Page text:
If we pass multiple ProductSubCategoryID values to the stored procedure, Reporting Services converts the multivalued parameter into a string of values and we get the error message Msg 8114, Level 16, State 1, Procedure Test_MVP, Line 0 Error converting data type varchar to int. This error indicates that the parameter in the stored procedure is expecting an integer value for ProductSub-Category. Because we passed in a string— '2,3,4,5'—the execution fails.
To allow a string value for a multivalued parameter list coming from a Reporting Services report—in this case, the original Product Line Sales report, we need to alter the stored procedure so that the data type of @ProductSubCategory is variable-length character, or varchar, because we don't know precisely how long the string will be. We'll set a limit of 100 total characters, varchar(100), which will be an ample length for testing the @ProductSubCategory parameter. To alter the stored procedure, we modify the first and third lines of the code in Listing 1 so that the first five lines of code appear as follows:
@ProductCategory Int ,
@StartDate datetime, @EndDate datetime
When I executed the altered stored procedure to test it, I received a new error message. Predictably, previewing the Product Line Sales SP report displayed the same error, which Figure 5 shows. It was about this time that I almost gave up on multivalued parameters, but I know that there's typically a way around a stubborn child. I did some research and learned that I could create a user-defined function (UDF) to parse the comma-delimited list of values returned from the original Product Line Sales report and introduce them to the Product Line Sales SP report.
A UDF Does the Trick
You can successfully introduce a multivalued parameter list into a stored procedure in several ways. For example, you can store the SQL statement that drives a report in a variable, concatenate the parameter list to the variable, then execute the constructed statement through the built-in procedure sp_executesql. Another possibility is to load the parsed values of the comma-delimited list of individual parameters into a temporary table or table variable, then join the original query to this temporary table by using a statement such as
The temporary table would contain only the user-selected list of values from the report and would therefore return the desired results.
Because I tend to shy away from anything that resembles dynamic SQL (as the first example does) and because I'd most likely need to put temporary table logic to parse the delimited string directly in the stored procedure, I chose to incorporate a UDF to store and execute the parsing logic. Using a UDF also lets me call the parsing logic from any stored procedure that requires string parsing.The type of UDF I chose to create is a table-valued function, which like a temporary table, stores values as rows in a table, essentially turning the string into the required array. Listing 2 shows the code for the UDF that I used, called fn_MVParam.
The function uses several of its own parameters to store and parse multivalued strings coming from the original Product Line Sales report's parameter.The function accepts two input values, a string value and a delimiter character, which by default is a comma (,). The delimiter parameter lets us extend the versatility of the function by giving us the ability to pass in any delimiter that we need.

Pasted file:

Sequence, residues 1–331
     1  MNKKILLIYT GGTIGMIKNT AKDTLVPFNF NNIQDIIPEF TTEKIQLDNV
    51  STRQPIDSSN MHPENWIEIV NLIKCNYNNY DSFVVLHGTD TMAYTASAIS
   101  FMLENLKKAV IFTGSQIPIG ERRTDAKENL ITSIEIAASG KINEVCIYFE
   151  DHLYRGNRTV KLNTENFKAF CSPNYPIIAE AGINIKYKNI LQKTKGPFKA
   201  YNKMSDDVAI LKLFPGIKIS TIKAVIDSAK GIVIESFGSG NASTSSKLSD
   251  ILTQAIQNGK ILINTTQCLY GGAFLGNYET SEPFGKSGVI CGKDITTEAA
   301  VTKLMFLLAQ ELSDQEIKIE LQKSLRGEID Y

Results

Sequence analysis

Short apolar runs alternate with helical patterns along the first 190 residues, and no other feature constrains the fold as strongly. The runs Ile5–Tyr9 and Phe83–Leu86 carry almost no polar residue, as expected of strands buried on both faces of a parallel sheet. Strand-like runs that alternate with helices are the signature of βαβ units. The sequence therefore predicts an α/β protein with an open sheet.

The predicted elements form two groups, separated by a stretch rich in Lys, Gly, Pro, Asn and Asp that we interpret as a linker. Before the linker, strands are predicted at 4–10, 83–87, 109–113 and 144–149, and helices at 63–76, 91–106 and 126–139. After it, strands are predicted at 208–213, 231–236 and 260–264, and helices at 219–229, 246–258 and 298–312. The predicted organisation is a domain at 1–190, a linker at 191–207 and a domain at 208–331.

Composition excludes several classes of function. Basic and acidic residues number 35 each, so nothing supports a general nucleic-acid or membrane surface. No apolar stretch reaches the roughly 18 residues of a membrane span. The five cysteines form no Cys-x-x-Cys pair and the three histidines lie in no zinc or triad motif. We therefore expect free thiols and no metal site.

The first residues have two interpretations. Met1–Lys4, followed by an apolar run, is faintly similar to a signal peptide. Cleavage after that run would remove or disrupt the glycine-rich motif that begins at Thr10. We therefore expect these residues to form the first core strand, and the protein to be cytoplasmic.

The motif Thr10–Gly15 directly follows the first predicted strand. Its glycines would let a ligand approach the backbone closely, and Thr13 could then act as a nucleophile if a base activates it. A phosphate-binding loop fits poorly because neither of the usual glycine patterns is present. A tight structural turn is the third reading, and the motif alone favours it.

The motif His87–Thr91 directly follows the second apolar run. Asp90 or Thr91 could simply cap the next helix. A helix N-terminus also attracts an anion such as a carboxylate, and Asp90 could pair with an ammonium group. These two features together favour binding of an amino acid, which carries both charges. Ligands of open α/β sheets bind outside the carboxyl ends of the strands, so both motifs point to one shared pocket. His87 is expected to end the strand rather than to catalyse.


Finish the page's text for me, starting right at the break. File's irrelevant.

The fn_MVParam function uses the CHARINDEX function to search for the existence of the delimiter. If it finds the delimiter, fn_MVParam knows that the string has multiple values. It then uses the LEFT function to find and store the first parameter value from the string. The fn_MVParam function gets all the characters up to but not including the delimiter and inserts this value into a table that has one column called Param.
Next, fn_MVParam uses the RIGHT function to remove the already extracted parameter in the string. For example, if we have a string value of '1,2,3,4,5', the first iteration of the WHILE loop extracts the 1, then sets the value of the string to '2,3,4,5'. The fn_MVParam function procedes until the LEN function determines that the length of the string is 0.
The end result is a row list of multiple parameter values that we can use in the WHERE clause of our stored procedure. We can test the execution of the fn_MVParam function in Management Studio by passing in a comma-delimited list, as Figure 6 shows.
Finally, we must alter the stored procedure that drives the Product Line Sales SP report one more time so that it uses the new fn_MVParam function.We use the function in the WHERE clause as a subquery to be evaluated for the ProductSubCategory field, as follows:
(SELECT Param FROM fn_MVParam
AND (SOH.OrderDate > @StartDate)
AND (SOH.OrderDate < @EndDate)
Web Listing 1 (http://www.sqlmag.com, InstantDoc ID 47788) shows the final version of theTest_MVP stored procedure with the two changes we've made.
Figure 7 shows the Product Line Sales SP report successfully run by using the Test_MVP stored procedure and its fn_MVParam UDF. It's worth mentioning that the Product Line Sales and Product Line Sales SP reports use two Visual Basic .NET functions—Join() and Split()—to work with the multivalued parameter as an array.You can see the Join() function at work in Figure 7. It creates the report header information for product categories and subcategories based on the parameter selection.
Adding multivalued parameters as a Reporting Services feature was absolutely a great idea. Many report designers—those who didn't want to write their own parameter selection front end—were formerly relegated to an all-or-nothing approach when setting criteria for a report by using parameters. Multivalued parameters let us set exactly the criteria we want. For those of us who used stored procedures to develop the bulk of reports in SQL Server 2000 Reporting Services, string-parsing workarounds are available that let us migrate our reports to make use of multivalued parameters. Thankfully, SQL Server has UDFs that we can use to create a solution, not just a workaround, to using arrays in T-SQL.
Rodney Landrum (firstname.lastname@example.org) is director of research and development for Pro Business Systems, a software development company in Pensacola, Florida that produces a SQL Server?based application for the healthcare industry. He is an MCSE and a Citrix Certified Administrator.